I’ve been very fortunate. I grew up in a time and place and with parents who supported the idea that in Summer you threw kids out the door after breakfast and expected them back relatively unscathed for supper. My Dad in particular was an educator by profession and inclination and shared his love of all things outdoors. By the time I was in high school, I could fish, build a campfire, use an axe, shoot a gun (and had completed hunter safety training), be useful for Audubon bird counts, read water and canoe a river, and generally feel comfortable venturing into the woods on my own.
Unfortunately, that is more and more not the case for the average American, especially women. In 1990, Dr. Christine Thomas, a professor of Natural Resources at the University of Wisconsin-Stevens Point, attended a conference to discuss the reasons why women do not participate more in outdoor activities like hunting and fishing. At the end of the conference, twenty-one barriers had been identified and they included such things as clothes and equipment that do not fit a woman’s body, the lack of mentors, and few opportunities to learn outdoor skills in a non-competitive environment.
Dr. Thomas, who has been a hunter and fisher all her life, organized a weekend workshop in 1991 which is now the Becoming an Outdoors Woman (BOW) program. Since its inception, BOW has grown to include programs in nearly every state and several Canadian provinces. Each state holds it own program and the classes offered reflect each state. Minnesota offers lots of water-based classes, Colorado has mountain skills, and Arizona covers topics including desert survival. In less than ten years, more than 50,000 women had attended BOW classes and popularity of the program continues to grow.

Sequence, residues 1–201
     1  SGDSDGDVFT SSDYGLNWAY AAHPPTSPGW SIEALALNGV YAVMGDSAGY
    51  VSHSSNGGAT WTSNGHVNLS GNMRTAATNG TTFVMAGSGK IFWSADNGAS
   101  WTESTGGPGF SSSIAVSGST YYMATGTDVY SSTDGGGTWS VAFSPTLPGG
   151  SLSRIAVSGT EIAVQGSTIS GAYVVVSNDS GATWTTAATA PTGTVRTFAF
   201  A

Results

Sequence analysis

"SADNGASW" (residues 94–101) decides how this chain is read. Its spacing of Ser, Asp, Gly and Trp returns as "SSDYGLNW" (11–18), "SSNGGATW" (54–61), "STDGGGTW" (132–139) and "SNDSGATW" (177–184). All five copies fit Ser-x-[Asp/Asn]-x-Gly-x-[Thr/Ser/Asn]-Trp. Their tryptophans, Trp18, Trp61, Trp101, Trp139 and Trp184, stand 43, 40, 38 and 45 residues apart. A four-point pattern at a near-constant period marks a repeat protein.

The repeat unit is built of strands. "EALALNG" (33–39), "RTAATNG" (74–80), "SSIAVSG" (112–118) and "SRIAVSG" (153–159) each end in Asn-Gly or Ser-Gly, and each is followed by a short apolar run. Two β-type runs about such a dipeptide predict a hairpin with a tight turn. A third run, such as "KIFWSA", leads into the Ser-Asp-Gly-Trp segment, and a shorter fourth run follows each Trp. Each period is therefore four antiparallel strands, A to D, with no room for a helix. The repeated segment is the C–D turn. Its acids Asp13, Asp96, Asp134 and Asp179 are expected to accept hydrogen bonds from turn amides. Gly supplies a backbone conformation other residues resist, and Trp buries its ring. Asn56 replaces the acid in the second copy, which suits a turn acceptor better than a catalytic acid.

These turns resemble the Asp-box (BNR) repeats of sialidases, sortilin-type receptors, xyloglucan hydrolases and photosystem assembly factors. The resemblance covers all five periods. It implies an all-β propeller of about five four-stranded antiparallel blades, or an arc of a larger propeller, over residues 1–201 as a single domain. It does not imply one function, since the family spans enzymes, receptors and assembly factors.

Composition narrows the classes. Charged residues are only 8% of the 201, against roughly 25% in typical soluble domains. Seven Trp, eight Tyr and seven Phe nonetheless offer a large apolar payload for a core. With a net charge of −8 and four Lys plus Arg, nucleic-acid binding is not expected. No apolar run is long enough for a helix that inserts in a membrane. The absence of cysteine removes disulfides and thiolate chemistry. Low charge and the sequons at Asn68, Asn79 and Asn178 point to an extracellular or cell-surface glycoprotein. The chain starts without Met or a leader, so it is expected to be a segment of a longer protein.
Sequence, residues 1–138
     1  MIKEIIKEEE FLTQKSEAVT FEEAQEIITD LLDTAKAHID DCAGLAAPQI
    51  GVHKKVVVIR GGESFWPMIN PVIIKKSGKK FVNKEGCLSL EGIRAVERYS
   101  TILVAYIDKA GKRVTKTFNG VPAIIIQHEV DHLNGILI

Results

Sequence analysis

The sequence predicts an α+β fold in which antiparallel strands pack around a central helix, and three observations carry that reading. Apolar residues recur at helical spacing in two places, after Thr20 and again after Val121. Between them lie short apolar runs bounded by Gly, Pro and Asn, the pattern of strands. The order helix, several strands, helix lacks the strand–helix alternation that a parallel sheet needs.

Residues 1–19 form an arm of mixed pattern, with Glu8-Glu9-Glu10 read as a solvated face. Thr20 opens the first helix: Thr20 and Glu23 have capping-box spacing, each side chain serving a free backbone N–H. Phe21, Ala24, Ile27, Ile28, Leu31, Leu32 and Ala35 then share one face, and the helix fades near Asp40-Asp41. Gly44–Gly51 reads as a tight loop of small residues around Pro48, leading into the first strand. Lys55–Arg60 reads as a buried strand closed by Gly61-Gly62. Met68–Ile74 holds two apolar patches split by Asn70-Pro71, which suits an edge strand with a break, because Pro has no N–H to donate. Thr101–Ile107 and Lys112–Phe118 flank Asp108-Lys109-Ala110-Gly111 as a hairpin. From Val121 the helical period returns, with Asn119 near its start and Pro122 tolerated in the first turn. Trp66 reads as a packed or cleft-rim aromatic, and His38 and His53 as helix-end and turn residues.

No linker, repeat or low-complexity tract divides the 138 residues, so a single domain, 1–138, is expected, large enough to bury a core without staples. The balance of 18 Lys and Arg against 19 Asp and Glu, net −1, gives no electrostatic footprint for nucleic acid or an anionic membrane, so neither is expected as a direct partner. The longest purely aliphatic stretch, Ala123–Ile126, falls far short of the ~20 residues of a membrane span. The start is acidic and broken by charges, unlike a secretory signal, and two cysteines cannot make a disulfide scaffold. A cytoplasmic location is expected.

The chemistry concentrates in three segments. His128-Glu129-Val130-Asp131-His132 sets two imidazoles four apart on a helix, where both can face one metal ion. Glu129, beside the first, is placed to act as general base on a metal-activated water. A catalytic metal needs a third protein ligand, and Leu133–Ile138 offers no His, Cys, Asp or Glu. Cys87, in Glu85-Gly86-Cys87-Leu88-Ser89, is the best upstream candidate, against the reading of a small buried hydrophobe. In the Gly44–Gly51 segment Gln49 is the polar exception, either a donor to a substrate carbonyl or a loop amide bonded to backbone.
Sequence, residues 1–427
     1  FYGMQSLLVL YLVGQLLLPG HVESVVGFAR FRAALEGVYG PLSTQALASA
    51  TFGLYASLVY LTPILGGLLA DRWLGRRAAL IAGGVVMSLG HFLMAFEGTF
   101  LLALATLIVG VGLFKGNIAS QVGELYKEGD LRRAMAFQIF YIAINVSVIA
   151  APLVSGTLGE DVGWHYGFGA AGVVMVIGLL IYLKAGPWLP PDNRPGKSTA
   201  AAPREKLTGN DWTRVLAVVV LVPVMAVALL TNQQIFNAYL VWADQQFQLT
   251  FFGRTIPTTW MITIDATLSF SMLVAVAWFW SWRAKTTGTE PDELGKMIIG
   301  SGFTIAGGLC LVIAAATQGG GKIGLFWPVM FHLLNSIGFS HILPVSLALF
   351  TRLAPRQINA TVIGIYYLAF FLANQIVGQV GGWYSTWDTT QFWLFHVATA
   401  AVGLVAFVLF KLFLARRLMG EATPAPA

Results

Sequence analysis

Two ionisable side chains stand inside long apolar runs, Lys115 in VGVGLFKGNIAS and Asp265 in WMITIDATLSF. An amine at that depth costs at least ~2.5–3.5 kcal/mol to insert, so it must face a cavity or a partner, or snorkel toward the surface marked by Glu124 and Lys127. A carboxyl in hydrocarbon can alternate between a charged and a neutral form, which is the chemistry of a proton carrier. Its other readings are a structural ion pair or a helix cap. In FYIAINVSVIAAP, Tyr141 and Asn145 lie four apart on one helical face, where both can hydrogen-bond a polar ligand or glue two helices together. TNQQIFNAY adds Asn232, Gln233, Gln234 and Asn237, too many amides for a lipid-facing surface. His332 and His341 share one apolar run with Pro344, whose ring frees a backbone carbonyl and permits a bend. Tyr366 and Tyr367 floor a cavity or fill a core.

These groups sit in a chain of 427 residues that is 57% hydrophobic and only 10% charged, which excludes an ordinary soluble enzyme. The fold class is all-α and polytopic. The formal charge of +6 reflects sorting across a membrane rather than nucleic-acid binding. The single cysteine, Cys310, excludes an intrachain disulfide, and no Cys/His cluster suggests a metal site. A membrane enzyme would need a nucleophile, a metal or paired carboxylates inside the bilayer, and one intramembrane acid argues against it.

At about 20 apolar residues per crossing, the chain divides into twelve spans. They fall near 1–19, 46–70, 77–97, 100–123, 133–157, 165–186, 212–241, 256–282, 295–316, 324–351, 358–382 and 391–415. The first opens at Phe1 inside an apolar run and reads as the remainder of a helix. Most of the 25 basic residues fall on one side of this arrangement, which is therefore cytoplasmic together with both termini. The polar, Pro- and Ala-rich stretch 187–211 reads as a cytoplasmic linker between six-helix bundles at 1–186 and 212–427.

New Mexico’s first BOW was held in May 1995. Its mission is clear. Provide basic classes from qualified volunteer instructors in a wide variety of outdoor skills, teach them in a friendly but non-competitive atmosphere and make them as hands-on as possible. Every workshop offers classes in the shooting sports particularly as they relate to hunting and lots of angling classes. Other introductory classes round out the program such as Dutch oven cooking, nature photography, conservation and ecology, map and compass navigation, survival skills, wilderness first aid and many, many more. I’ve been honored to be part of this program as an instructor since 1997.
Since that time over 1200 women have attended BOW-New Mexico which is held annually. This year’s BOW-NM will be held May 13-15 at the NRA-Whittington Center in Raton, New Mexico. Cost for the three days includes lodging and meals at the Center, and four 4-hour classes by pre-registration. Like Girl Scout Camp for grown-ups!
If you or someone you know would like to participate in BOW, contact the organization in your home state–a quick internet search should turn up information. You can view the BOW-NM blog and download registration packet HERE. Because of limits on space, don’t delay to register. I hope to see some of you at BOW-NM!
Thanks to Leilani Granahan, BOW-NM coordinator, for information used in this article and all her hard work on making BOW-NM a great program.